While many equate Industry 4.0 with robotics and full automation, Jendamark’s human-centric approach puts people at the beating heart of the manufacturing process. Humans will always have an important contribution to make – despite the rise of artificial intelligence (AI).
When it comes to a realistic assessment of the role that humans play, one must first acknowledge that humans have been, and will continue to be, an integral part of manufacturing, argues Jendamark India director Himanshu Jadhav.
“Throughout history, humans have solved problems and created technologies to make life easier – to meet a need. Even with the smartest manufacturing facilities, it is the humans in that environment that make it a success,” says Jadhav.
“This is especially true when it comes to complex, qualitative scenarios,
which require all facets of human intelligence to resolve.”
On the one hand, machines, unlike people, do not get emotional, and their output is not dependent on how they were feeling at the start of the working day, he says.
“Like their human co-workers, machines with AI can now identify production problems and stop the process until the problem is rectified,” concedes Jadhav.
But, he says, arriving at the solution to that problem involves choosing the best method with the least impact, identifying the priority actions, and possibly weighing up several variables. These are complex scenarios that require creativity, emotion and sound judgement. Many situations can’t be solved by an algorithim.
“We rarely see EMOTION as an admirable human quality. But, in manufacturing, it is often the difference between doing something wrong and creating a viable alternative solution.”
Emotion, it seems, is the human motivator for problem solving. We engage in out-of-the-box critical thinking and do “impossible” things because of emotional drivers, such as passion and curiosity.
With the populations of developed economies declining, and the number of skilled workers in the manufacturing sector declining with them, autonomous production processes fill a real need by doing more with fewer human resources, explains Jadhav.
“Having said that, it takes a highly skilled human to develop, operate and maintain an automated machine. While humans are less involved, they still have a critical role to play as the process demands a more advanced skill set.”
Technology is getting smarter every day, so keeping up with and implementing it is the main role of humans in so-called first world countries.
In developing economies, which tend to have much larger, less skilled populations, Jadhav says less automation along with more employment and job creation are critical to improving socio-economic conditions and general living standards.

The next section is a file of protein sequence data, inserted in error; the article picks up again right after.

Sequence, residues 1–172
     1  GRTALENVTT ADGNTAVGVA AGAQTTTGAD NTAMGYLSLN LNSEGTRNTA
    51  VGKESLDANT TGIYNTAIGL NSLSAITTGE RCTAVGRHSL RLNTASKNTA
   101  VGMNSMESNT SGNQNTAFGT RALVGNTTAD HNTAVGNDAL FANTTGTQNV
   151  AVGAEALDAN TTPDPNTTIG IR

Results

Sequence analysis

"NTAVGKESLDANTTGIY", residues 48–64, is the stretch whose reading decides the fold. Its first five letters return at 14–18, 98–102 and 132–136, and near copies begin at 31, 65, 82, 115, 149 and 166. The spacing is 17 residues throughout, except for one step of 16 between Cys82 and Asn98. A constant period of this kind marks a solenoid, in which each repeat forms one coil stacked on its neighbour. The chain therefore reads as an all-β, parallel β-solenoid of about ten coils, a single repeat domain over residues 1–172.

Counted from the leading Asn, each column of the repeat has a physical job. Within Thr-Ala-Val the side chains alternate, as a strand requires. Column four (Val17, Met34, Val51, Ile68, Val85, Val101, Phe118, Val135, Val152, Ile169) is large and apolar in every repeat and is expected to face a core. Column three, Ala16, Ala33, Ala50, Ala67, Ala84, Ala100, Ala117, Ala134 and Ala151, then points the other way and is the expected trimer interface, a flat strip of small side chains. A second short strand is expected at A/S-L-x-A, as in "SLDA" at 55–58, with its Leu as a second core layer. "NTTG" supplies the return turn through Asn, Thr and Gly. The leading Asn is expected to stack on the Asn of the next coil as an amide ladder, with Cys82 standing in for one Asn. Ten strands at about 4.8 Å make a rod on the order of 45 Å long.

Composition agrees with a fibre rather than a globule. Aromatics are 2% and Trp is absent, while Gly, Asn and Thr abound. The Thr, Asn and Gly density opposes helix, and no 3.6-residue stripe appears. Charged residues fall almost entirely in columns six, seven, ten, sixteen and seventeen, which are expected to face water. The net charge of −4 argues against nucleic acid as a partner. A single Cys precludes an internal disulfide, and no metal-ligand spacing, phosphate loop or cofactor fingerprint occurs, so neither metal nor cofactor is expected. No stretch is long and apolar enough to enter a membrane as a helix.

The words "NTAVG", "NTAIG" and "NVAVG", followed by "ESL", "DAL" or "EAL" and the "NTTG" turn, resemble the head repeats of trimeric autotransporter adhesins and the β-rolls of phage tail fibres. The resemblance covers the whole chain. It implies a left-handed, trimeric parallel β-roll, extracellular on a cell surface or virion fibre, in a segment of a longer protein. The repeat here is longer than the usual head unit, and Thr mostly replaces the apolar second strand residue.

“Here, humans must be more involved in manufacturing, being in control of mostly manual production processes, to facilitate overall economic advancement.”
As production systems evolve, he says, people and technology are being integrated more closely and intensively than ever before.
“It’s essential that we fully understand how to best design and operationalise both human and technological functions.”
Why Jendamark’s human-centric approach works
Let’s review the numbers
3: The decades of machine-building experience that Jendamark has
3000+: The number of assembly facilities built
95%: The average efficiency rate of our machines over a period of time
75%: The average efficiency rate of human operators over that same period
Production output = human efficiency rate x machine efficiency rate
Improving overall efficiency
For machine builders such as Jendamark, it is relatively easy to improve machine efficiency using smart technology. But this will not significantly improve production output if the human efficiency remains low.
That’s why ODIN Manufacturing solutions focus on supporting humans through worker guidance and process security solutions to eliminate errors and improve the overall quality and quantity of the end product.
We understand that literacy levels, skill sets and expertise vary, so our software solutions make it extremely easy for even novice operators to complete assembly tasks with fewer errors and highest efficiency.
By connecting field devices like cameras, sensors and machines, we create an ecosystem that ensures that none of the assembly process steps can be skipped. These process security checks also apply where collaborative robots are employed in conjunction with ODIN Manufacturing. Where the robot is assigned to a particular station, the camera will check the process security measures, which are recorded in the ODIN system.
By implementing these two core solutions, customers can improve not only production efficiencies but also the efficiency of the plant.
Ensures that even a new operator is able to do an assembly task with minimal or no training. Unless every process step is correct, the part does not leave the station.
Ensures that the machines are well looked after. This is a cloud-based maintenance solution for scheduling tasks and guiding inexperienced technicians to perform complex maintenance tasks.